Cecil edited this page Aug 4, 2016 · 4 revisions
Clone this wiki locally

Shoes does have a simple profiler that can help you locate often used code and time consuming code. This is only available when run from the command line. See Command line for help.

So from the terminal C:\Users\you> cshoes.exe -e path\to\main-script.rb On OSX and Linux it could be $ cshoes -e path/to/main-script.rb assuming you've created a cshoes script (osx) or link (linux)

Pretend we want to see where samples/good-cardflip.rb is spending it's time. $ cshoes -e samples/good-cardflip.rb your path will depend on what you need.

You'll get Shoes app screen that looks a lot like profile-start

I want to know what C parts of Shoes I'm calling and I prefer the terminal display so that what I unselected. You can switch between gui and textlater after the profile is run. When you press the Start Profile button it will load and start the script and collect stats until you press the End Profile button. Then you'll get a display. Because of the way Shoes opens new windows The sampled app window tends to be centered on the screen and covering the Profiler screen. Move the Profiler to the side before starting or move sampled window until you can see the End Profile button.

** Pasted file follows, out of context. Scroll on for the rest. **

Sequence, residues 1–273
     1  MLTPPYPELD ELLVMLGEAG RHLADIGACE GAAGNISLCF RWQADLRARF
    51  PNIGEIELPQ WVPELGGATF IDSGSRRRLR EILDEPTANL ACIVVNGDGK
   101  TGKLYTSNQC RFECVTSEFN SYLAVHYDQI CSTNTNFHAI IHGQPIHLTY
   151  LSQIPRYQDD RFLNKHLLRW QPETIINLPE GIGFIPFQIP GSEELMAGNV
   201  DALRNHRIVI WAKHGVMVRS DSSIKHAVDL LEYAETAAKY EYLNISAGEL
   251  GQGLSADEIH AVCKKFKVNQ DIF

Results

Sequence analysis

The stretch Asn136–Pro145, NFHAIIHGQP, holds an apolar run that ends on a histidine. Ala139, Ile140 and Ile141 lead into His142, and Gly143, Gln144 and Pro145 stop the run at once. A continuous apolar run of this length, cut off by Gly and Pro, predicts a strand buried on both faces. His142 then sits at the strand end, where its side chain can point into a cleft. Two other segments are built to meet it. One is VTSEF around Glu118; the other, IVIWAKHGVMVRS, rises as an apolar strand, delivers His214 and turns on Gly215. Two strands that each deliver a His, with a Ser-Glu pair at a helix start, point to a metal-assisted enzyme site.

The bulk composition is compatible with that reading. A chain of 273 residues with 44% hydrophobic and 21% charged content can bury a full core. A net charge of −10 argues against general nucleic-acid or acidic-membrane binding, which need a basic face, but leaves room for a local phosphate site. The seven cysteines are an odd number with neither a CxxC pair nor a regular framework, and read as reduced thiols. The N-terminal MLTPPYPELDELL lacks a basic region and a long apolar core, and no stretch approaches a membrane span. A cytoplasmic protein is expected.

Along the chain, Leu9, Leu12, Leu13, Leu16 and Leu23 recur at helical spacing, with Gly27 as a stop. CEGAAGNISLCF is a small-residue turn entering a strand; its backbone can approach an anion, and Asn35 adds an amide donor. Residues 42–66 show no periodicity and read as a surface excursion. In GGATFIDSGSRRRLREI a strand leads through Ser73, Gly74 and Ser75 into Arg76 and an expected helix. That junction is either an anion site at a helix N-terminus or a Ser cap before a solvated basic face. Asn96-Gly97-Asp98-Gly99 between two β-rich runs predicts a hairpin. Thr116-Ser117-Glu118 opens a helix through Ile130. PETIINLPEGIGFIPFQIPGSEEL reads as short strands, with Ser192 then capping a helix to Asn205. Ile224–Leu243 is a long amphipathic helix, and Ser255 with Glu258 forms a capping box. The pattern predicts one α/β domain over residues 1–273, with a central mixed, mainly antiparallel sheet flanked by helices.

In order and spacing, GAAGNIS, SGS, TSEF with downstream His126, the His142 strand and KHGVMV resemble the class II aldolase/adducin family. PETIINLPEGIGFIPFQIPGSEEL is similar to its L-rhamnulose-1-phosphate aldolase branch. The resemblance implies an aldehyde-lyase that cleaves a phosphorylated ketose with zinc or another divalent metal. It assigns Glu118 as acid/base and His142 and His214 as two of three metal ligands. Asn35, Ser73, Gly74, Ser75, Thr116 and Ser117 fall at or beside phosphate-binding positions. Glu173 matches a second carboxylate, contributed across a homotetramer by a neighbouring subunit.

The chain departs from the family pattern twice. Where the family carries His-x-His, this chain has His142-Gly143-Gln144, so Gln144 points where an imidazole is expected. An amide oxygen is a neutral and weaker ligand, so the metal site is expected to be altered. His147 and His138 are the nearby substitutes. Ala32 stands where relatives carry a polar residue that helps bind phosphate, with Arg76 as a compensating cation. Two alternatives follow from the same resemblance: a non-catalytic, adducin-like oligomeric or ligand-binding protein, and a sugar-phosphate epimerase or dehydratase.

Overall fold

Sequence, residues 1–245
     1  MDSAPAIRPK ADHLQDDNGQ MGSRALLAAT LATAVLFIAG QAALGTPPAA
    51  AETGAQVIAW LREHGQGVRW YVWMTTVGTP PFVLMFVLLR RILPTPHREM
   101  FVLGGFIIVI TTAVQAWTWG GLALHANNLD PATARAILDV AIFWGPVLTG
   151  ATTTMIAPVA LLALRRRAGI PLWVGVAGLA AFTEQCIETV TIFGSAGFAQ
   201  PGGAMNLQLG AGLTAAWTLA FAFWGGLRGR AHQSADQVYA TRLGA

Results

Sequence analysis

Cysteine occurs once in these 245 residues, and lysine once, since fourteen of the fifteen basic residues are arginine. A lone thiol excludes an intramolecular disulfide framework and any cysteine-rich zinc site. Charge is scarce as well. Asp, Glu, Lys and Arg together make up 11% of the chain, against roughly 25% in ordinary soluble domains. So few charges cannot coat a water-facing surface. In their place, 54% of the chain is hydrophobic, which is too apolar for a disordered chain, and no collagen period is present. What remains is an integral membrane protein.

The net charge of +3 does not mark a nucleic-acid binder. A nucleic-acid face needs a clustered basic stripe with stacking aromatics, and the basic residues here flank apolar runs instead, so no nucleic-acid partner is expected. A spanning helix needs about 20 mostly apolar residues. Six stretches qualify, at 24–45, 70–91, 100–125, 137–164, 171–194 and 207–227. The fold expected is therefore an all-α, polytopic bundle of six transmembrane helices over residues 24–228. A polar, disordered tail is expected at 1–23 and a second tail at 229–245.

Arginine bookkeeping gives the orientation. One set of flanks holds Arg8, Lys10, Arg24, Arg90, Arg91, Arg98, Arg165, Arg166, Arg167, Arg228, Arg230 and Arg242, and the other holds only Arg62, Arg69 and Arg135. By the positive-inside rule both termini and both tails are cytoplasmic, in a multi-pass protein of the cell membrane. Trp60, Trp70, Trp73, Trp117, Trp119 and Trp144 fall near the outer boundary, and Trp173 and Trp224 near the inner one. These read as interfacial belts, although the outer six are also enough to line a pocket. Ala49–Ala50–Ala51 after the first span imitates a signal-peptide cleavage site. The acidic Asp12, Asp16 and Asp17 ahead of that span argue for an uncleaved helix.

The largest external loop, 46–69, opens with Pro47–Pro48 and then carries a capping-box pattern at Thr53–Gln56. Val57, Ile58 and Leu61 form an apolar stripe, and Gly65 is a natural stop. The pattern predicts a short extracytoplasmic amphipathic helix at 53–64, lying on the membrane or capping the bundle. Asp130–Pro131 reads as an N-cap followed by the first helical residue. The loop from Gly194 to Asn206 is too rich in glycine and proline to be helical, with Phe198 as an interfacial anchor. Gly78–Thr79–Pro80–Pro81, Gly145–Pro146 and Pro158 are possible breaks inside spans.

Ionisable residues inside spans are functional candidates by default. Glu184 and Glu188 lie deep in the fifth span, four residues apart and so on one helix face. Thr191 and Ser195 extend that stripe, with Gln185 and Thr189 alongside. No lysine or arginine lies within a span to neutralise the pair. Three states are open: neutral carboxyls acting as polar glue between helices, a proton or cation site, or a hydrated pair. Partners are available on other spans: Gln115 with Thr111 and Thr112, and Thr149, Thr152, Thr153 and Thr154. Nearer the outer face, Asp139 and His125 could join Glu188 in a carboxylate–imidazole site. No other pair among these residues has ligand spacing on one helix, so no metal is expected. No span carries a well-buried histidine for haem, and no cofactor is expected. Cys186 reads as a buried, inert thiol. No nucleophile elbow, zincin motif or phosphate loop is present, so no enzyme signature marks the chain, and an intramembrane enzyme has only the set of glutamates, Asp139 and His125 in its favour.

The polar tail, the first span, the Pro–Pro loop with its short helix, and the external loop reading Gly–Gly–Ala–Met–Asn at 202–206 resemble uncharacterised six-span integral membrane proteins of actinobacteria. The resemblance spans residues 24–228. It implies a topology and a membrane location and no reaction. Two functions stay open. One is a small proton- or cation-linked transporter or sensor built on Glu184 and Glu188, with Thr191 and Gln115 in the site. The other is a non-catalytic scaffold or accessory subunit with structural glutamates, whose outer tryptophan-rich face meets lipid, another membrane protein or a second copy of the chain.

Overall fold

Here's the beginning shot for the text report: profile-text

The gui display: profile-gui

What does it mean?

You have to be very careful interpeting the results. On Windows, we can't get the cpu time per method call. Just the wall clock time which includes how long it takes you to manipulate your buttons and navigate around. OSX and Linux do get the cpu time for the process but there is still some slop in there. Take the clock time problem up with MSFT. And the Ruby. May the force be with you!

Count is the number of calls and draw is always going to be near the vote count. I suggest Method Time or mtime is where you want to look. Total Time or t-time is a little confusing since it includes all the time in methods below it. The text report does compute ms per call which can point to the real problem. Remember - on Windows that's wall clock time not cpu time.

In this example svghandle is the pig. I knew that before profiling. If your Shoes app uses sqlite3 you'll want to think really hard about what is being measured and not measured on what platforms.